With a fragile-to-the-point-of-breaking voice like Radiohead frontman Thom Yorke and the soulful singer/songwriter background of Jeff Buckley, Ben Christophers is a remarkable discovery for anyone who thinks the former's gotten a tad too willfully obtuse and the latter's gotten a tad too, well, dead. But co-writer/producer David Kosten takes Christophers' raw, passionate talent and provides dazzling arrangements that range from funky and futuristic to lush and textural. The album opens with the haunting title track, which allows Christophers' shimmering guitar and yearning vocals to hang in open space, adorned with only minor synths and samples that lend an ambient, hypnotic appeal. "Give Me Everything" couldn't sound more like an OK Computer outtake, cranking the amps up to ten for an arena-ready anthem that rides atop an infectious, off-time rhythm. But Christophers' emotional songs also show an incredible attention to detail. Lines like "I'm thrown, it's like you're still here/in among my heart/I'll always sleep on my side/even though you're gone" plumb the depths of heartache, while a throw-off phrase like "Your smile is shining like a razor blade" paints poetic pictures that cut to the heart. But the most effective track is the closer, "Skyscraper," a gorgeous lullaby with an achingly beautiful chorus: "Goodnight silver star/Goodnight angel's eyes/From the skyscraper/the world turns out of sight." By the end, you're ready to jump on board the bandwagon before the rest of the world catches on.
01. My beatiful demon
02. Give me everything
03. Before the winter parade
05. It´s been a beautiful day
08. Remote control
If I Die, I Die is the Virgin Prunes' proper debut album. The first three (of seven) parts of a conceptual work entitled A New Form of Beauty, issued as 7", 10", and 12" singles preceded it in the same calendar year. Produced by Wire's Colin Newman, the album's 12 tracks are the epitome of post-punk adventurism. Here, tribal drums and edgy, spooky, detuned guitars and bouzoukis cross paths and meld with synthesizers and primitive drum machines in an onslaught of off-kilter creativity where everyone from the Fall, PIL, New Order, Siouxsie & the Banshees, and even Bruce Springsteen are called in for reference in a brew that is dangerous, primal, and excessive. Two androgynous frontmen in the foppish Gavin Friday and alluring Guggi create alternate ambiences from warped yet sweet Irish balladry to shrieked poetry. And while the set is messy to be sure, it is far from off-putting. In fact, it is easily the band's most consistent and enduring effort. The albums opens with the haunting, nocturnal minimalism of "Ulankulot," an intro with tom toms and drifting keyboards layered carefully in the background, wordless chanted backing vocals and an electric bouzouki courtesy of guitarist Dik. It immediately gives way to its antecedent "Decline Sand Fall." It's the same tune, only Friday is out in front of it digging deep into the temporality of childhood and what remains of it. Its effect is startling, nocturnal, and tense. In "Sweethome Under White Clouds," the theme is given dimension as Guggi and Friday wail like muzzeins over a reverbed guitar coming from the netherworld and augmented by a soprano saxophone and a synth bassline. "Pagan Lovesong," the album's proper single, is one of the most angular cuts on the set. Here, the Prunes employ a riff straight out of early Gang of Four, chant their refrains, and swirl the keyboards and drum machines à la Devo yet keep everything so gothic and strange; it's not only compelling, it's infectious. The rest of the album follows suit, with the raucous new wave of "Baby Turns Blue," and the mainstream rockist "Ballad of the Man" that sounds like a wrong-speed outtake, Springsteen's The River and the Mott the Hoople version of "Sweet Jane!" This is a wonderfully confounding and sometimes campy and often disturbing exercise in unfettered creativity that has stood the test of time very well. It is the most necessary Virgin Prunes record of all and captures best what they were capable of when focused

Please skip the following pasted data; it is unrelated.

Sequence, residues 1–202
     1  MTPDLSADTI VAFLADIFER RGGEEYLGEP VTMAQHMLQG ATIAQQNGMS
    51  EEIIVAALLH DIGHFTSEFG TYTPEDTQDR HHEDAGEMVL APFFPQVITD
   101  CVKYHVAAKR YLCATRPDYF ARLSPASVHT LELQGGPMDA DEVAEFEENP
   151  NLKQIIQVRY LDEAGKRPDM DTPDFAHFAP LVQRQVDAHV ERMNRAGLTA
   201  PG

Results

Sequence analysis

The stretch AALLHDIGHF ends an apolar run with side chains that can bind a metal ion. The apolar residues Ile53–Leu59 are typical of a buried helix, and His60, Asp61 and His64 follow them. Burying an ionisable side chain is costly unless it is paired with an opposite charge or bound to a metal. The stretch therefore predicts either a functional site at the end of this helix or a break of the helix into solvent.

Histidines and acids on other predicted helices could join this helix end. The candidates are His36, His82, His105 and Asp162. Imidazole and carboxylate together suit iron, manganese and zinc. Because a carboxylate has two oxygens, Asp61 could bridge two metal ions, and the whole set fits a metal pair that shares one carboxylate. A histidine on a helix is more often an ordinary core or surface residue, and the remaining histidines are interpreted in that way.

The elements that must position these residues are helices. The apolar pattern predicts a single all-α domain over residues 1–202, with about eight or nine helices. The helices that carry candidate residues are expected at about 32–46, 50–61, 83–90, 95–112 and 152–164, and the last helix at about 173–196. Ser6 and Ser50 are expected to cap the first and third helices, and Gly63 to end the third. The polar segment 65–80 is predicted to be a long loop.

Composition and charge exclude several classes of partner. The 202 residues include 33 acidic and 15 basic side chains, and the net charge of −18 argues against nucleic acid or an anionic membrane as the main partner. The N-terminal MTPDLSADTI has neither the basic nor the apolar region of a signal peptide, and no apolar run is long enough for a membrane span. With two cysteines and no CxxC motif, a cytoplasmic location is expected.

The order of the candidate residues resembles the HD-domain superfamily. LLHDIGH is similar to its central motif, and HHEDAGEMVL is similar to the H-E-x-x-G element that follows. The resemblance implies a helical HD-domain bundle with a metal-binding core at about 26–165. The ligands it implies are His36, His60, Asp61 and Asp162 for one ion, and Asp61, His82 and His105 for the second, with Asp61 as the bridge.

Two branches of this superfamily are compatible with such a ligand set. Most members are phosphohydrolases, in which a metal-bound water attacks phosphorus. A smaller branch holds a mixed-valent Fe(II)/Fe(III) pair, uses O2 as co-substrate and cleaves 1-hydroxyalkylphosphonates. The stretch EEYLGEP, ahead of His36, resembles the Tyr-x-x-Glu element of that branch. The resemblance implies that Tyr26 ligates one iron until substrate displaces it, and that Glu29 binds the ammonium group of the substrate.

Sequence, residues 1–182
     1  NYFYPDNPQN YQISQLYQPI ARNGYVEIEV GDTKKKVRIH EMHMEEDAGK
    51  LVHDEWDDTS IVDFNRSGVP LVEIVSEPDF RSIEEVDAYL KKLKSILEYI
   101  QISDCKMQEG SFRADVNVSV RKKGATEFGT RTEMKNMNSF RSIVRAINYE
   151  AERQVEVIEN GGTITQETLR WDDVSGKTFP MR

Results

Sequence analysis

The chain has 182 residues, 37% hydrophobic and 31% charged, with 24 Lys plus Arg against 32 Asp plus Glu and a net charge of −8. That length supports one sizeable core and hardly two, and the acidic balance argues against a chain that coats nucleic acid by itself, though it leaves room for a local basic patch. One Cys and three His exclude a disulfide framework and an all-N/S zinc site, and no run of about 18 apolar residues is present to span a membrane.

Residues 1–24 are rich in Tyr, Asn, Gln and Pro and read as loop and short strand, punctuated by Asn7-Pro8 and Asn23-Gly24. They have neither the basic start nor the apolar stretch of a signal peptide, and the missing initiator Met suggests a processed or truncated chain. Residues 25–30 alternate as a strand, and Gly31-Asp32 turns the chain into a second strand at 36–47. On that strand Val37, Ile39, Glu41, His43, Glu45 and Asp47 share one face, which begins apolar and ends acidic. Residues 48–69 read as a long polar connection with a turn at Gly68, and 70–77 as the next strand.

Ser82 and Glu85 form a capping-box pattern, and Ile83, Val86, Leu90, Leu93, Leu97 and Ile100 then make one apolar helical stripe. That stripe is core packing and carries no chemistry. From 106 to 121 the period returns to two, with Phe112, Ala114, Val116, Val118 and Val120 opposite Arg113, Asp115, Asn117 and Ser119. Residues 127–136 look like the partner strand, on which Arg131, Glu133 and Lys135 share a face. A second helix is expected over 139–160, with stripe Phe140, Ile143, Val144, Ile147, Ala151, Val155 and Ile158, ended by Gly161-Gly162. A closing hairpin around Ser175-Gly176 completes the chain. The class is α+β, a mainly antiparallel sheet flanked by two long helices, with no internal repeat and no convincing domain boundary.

02. Decline and fall
03. Sweethome under white clouds
04. Bau Dachong
05. Pagan lovesong
06. Baby turns blue
07. Ballad of the man
08. Walls of Jericho
09. Caucasian Walk
10. Theme for thought
11. Chance of a lifetime